So I was really prepared for it. As he was telling me these things, I said, 'that is my roots, singing the Blues.' That is how I started getting into the Blues. I am being true to myself really instead of being out there trying to do all these other things which are not me. I could do all those other things, but my heart and soul is there in the Blues. That's me. That's where I came from. That's why I am into it."
Queen Sheba has developed a healthy perspective about the tragedies she has lived through. In fact, she is excited to share the lesson she has learned.
"My grandfather couldn't read or write, but he would travel different places. One thing he told me, he said, “Listen, anytime you are going someplace, like you are on the bus. Like you are on the Greyhound Bus and they make a stop at a rest area, and you cannot read the signs and you want to know where the bathroom is or where the food is at. All you need to do is watch the people. Watch the people because most of the time they are going to the bathroom or they are going to the food. So that has always stood out with me about my grandfather. He could not read or write, and I always wondered how he could keep up with counting money.
My grandmother loved baking cakes, and I loved when they made the quilts. They did a lot of canning, canning peaches and different stuff. She was very good at that, and I loved how she used to dress so...
nice with her pretty hats and all that.
So all that is still a part of me because even in my little yard now I am growing okra. I could still live off the land. That is in me. A lot of these people nowadays do not even know about that stuff. When you talk about the chicken and wringing their necks and all that stuff.
People still need to know how to live off the land. If you go in the woods, you need to know what kind of stuff you can eat and survive on in case you get lost in the woods. Most people don't. I knew from a child that when you a walk in the woods, you have to respect the woods. You can't just go walking in there not looking where you are going. You have to respect the animals in the woods. Snakes and stuff are everywhere. You have to know how to walk. Most people do not know how to do that. That is staying connected to nature, I believe.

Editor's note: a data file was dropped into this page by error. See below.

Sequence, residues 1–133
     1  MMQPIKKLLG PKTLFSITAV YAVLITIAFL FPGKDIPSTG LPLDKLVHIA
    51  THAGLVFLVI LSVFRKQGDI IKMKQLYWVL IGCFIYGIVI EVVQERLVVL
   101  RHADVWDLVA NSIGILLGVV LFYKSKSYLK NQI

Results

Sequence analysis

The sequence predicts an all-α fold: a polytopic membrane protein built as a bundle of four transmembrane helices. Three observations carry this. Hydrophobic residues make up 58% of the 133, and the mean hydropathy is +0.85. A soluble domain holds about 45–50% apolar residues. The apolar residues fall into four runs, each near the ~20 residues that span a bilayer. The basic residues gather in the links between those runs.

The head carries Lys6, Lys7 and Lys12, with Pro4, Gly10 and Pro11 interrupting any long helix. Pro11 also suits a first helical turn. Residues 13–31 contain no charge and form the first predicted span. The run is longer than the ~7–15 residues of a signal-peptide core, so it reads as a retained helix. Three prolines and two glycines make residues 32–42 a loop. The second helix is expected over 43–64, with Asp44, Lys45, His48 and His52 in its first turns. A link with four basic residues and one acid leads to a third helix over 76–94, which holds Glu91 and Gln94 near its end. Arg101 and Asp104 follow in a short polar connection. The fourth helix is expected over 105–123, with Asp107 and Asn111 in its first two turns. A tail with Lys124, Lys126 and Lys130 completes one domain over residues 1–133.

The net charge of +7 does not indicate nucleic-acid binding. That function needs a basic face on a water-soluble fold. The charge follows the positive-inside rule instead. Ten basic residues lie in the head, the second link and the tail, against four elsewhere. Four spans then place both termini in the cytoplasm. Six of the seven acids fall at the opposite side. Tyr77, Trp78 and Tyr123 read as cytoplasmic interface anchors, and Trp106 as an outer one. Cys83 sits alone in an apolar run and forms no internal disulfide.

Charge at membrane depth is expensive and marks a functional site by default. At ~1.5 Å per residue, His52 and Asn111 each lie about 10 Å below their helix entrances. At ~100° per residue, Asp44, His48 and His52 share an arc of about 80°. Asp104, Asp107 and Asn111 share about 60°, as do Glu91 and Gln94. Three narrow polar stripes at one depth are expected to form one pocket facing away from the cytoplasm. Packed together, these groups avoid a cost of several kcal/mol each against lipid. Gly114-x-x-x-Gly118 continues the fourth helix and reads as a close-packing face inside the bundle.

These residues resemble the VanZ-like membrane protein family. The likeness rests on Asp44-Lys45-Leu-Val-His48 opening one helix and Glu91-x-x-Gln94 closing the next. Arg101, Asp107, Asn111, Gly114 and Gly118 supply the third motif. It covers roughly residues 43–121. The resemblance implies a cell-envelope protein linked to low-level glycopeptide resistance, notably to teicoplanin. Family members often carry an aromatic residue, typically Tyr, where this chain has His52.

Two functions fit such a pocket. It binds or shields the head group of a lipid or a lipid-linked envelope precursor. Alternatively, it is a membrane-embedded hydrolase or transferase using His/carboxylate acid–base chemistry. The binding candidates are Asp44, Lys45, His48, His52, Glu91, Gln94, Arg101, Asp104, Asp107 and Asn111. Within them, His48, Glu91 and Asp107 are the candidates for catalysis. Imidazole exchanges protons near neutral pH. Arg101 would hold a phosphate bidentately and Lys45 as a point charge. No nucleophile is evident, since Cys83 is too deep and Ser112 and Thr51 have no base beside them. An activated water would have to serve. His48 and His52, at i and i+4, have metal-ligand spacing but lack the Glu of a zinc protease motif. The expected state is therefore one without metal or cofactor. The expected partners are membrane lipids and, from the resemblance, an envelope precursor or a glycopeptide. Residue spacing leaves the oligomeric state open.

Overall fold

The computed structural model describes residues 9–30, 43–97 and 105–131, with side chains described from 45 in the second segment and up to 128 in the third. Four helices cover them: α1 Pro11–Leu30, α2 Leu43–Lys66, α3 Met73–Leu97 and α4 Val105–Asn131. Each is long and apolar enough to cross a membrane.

I remember how we used to lay our head on the ground and listen to the ground and could hear animals coming. We could hear the rain coming because in the Delta, it is flat so you can ear stuff for a long ways. When you put your head on the ground, you can hear stuff coming from a long way off. What people remember that kind of stuff? We are losing it. People are ashamed of this kind of stuff now. This is what I am finding out. They are so tied to this new technology where everything is on the computer. Just hit a button and that is it. I think it is good that we have all this stuff, but I think the knowledge of those still should carry on just in case the computer one day does not work or just in case one day something happens.
I remember we used to go get our fish. We used to do something they call muddying where you get over in the pond and muddy up the water. When you muddied up the water, all the fish would come to the top. Then we would have a little basket or a little dress or something to pick up the fish. We used call that muddying, muddying the water to get fish. Now I believe this kind of knowledge came all the way from Africa. This knowledge I am quite sure I learned from my mom or somebody, but that is how we got our fish and our craw fish and all that stuff. Muddying up the water and using little dresses like a net to get the fish. That was truly wonderful.
Queen Sheba can share many skills for survival that were passed down to her from her mother and grand parents. They developed a particular way of living and getting by based on the difficult times they saw as cotton sharecroppers:
"My grandmother and grandfather and all of them would talk about not having enough this and that and not having enough food. My grandmother and all of us wished that when we saw that Greyhound bus coming, we wished we could just get on that bus and leave. We all were hopeful about getting out of there one day.
I remember as far as my eyes could see there was cotton everywhere. There were huge fields. About five families would be on one plantation, and each family had a certain set of cotton field to work as I recall. The plantations we were on were really big. My momma was telling me how this one particular person that was next us us had himself and his wife and one child. She and all her little kids outdid us picking cotton. If you were big enough to pick up a bole of cotton, you were in the field. If you were one year old and walking, you could pick up a bole of cotton. They trained you."
We will share more about the things Queen Sheba has learned that may help others in our next post. Queen Sheba made contact with Antoinette Harrell on YouTube, and made contact so she could tell her story. She felt great comfort sharing her story on Nurturing Our Roots with Hosts Antoinette Harrell and Robin Foster. Please take the opportunity to listen to the messages in the Blues songs by Queen Sheba on her album, "Butter on My Roll." Also, listen to the Nurturing Our Roots episode "Sheba, the Mississippi Queen of Blues," here: